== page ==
Comparing PVC and Wood Crown Molding

Comparing PVC and Wood Crown Molding

Crown molding can handily add that just-right decorative touch to any room.

Crown molding can handily add that just-right decorative touch to any room, but!: there must needs be a bit of thought behind the decision process regarding which type is best suited to your unique/particular aesthetic and other relevant circumstances. You’ll need to, first instance, consider the material’s durability, cost, the extent to which it goes with what you already have.


There are myriad(ish) commercially-available options, but the current top two picks for crown molding are easily PVC and wood. Read along below to learn all both so that, when the time comes, you’ll know which is the better choice for your project.

PVC Crown Molding

PVC is a “human-made” material (i.e., ya won’t find it in the wilderness) and an affordable option for homeowners on a budget. This molding is highly resistant to moisture, making it an excellent choice for bathrooms or other areas with lots of humidity. PVC is lightweight, flexible, and easy to cut, and therefore a naturally popular choice for DIYers.


However, PVC is prone to damage as result of exposure to excess heat or sunlight, and so, not suitable for areas near windows or large glass panels of any sort. One might also reflect that it lacks that “authentic” appearance of natural wood, which may be a drawback for some homeowners (and prospective homebuyers).

Wood Crown Molding

This is a more traditional option, and perfect for those who just cannot get enough of that certain aforementioned je-ne-sais-quoi natural wood rightly emanates. Wood, you’ll unlikely be shocked to read, comes in all manner of styles, cuts, grains, etc., including (perhaps most popularly) oak and pine, and allots an expansive creative freedom/malleability for elaborate features and design endeavors. It’s easy to prime and paint, and you can always sand it down if you don’t like the look.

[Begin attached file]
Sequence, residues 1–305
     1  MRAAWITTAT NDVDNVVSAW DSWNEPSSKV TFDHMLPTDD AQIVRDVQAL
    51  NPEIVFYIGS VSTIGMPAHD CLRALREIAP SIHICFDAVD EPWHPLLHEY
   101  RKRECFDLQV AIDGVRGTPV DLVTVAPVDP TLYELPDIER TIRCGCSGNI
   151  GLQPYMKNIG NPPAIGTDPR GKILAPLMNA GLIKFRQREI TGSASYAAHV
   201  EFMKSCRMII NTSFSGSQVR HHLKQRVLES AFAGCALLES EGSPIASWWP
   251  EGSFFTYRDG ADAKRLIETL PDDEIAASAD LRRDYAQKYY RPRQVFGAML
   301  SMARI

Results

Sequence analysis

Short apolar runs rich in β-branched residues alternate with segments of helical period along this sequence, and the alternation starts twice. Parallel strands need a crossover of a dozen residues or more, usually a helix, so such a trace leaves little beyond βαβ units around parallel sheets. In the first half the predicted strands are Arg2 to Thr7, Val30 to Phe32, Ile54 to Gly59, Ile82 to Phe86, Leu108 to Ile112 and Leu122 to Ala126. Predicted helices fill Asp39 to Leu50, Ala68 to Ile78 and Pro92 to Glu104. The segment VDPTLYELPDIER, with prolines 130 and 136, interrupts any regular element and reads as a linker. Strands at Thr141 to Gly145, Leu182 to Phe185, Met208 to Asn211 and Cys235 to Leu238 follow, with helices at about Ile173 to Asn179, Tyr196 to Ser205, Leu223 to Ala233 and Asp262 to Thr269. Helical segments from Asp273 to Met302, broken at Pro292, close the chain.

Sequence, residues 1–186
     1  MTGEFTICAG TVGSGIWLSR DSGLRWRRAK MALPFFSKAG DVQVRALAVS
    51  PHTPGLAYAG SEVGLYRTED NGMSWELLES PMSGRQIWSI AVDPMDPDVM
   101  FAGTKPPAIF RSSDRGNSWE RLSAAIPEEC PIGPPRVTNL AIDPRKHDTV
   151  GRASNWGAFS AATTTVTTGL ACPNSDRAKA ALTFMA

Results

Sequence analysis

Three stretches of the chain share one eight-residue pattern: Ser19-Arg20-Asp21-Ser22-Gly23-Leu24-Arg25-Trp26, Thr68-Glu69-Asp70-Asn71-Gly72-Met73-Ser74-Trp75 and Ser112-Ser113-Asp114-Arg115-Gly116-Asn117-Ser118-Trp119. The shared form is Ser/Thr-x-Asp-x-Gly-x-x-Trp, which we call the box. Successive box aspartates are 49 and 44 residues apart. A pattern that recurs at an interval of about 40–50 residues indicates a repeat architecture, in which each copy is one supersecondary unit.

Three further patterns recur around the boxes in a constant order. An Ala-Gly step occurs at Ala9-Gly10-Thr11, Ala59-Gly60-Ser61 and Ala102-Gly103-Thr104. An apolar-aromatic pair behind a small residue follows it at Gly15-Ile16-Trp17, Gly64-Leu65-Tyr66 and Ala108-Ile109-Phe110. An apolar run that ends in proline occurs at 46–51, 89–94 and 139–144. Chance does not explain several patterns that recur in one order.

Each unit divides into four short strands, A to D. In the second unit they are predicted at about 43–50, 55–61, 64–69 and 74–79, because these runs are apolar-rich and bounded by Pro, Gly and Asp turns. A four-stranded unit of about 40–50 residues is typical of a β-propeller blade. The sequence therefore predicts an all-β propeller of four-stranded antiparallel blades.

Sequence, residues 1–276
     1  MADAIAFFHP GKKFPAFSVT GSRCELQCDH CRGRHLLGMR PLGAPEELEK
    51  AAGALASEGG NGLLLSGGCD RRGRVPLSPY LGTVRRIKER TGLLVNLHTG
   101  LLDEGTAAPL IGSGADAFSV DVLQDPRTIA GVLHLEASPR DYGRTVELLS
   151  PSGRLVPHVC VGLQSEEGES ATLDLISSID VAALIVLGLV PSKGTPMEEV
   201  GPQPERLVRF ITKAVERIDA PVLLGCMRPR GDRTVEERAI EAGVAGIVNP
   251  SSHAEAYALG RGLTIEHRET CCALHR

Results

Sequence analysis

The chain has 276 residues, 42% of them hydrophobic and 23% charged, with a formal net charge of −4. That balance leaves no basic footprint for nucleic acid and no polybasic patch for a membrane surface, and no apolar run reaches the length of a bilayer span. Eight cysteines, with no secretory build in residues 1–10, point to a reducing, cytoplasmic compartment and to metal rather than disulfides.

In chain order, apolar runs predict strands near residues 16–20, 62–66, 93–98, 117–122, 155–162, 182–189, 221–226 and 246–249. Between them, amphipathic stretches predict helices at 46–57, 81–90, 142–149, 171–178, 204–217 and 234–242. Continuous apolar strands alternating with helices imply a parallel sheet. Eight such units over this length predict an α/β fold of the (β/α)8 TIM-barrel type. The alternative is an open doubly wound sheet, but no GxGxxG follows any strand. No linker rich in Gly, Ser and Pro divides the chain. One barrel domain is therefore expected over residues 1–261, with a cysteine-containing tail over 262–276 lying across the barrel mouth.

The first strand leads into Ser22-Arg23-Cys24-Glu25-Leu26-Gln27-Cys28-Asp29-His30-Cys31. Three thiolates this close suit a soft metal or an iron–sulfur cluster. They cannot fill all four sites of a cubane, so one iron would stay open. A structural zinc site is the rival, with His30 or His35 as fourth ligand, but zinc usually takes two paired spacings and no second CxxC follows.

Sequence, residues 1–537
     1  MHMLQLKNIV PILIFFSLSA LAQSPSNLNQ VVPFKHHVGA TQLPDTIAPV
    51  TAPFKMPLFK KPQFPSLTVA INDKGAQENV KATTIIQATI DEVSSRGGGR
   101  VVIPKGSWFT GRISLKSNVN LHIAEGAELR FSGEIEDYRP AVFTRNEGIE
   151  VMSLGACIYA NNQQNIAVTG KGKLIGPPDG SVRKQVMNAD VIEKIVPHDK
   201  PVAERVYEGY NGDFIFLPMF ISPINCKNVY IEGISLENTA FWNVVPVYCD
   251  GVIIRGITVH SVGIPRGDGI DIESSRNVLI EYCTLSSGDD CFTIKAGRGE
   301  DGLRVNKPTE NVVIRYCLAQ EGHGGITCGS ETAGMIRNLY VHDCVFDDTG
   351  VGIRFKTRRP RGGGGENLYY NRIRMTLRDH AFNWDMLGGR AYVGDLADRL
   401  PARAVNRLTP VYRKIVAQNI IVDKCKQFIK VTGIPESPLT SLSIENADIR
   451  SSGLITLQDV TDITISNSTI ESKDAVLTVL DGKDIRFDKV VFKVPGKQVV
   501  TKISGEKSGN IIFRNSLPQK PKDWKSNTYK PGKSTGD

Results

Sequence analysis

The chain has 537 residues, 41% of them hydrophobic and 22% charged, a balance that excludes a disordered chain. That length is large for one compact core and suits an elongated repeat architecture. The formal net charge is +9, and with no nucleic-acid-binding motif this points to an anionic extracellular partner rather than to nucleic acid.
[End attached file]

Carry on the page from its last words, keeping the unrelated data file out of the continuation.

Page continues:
However, wood is susceptible to damage from water, termites, and what we’ll go ahead and call “general rot,” making it relatively difficult to maintain in tip-top shape without dedicated/regular TLC. But despite this vulnerability, wood is indeed durable and can last for many years if well taken care of. Perhaps the more significant downside of wood is that it can be costly, with some types going for up to as much as $30 per foot. Note that the cost may be especially “worth it” for eco-conscious homeowners, as wood is 100% sustainable.

Closing Thoughts: A Quick Review

When it comes to a direct comparison between PVC and wood crown molding, the former shines as an excellent option for budget-conscious homeowners and for areas with high humidity, but admittedly lacks the (-come on, you know this is the right word:) enchantment of natural wood—which may well be a deal-breaker for certain folk. -And wood is of course an excellent option for, well, those particular folk; it’s elegant, it’s sophisticated, it’s… enchanting. But also more costly, and needs more maintenance. Ultimately, the crux of the decision lies in determining what you want (look, features…) as factored alongside what you need (budgetary and other “logistical” concerns). Remember, an expert is always right around the (virtual) corner to offer (actual) guidance on any and all molding matters.

Purchase Your New Molding from Fisher Lumber

Be sure to visit Fisher Lumber’s Designer Showroom featuring displays of Andersen Windows, Therma-Tru entry doors, Simpson and Masonite exterior doors, and a wide selection of interior doors featuring Simpson, Masonite, Lemieux, and JELD-WEN.  Our knowledgeable experts are ready to assist you!  Contact us at 301-424-6500 and follow us on Facebook, Twitter, and Pinterest.

This entry was posted on Tuesday, April 25th, 2023 at 8:00 am. Responses are currently closed, but you can trackback from your own site.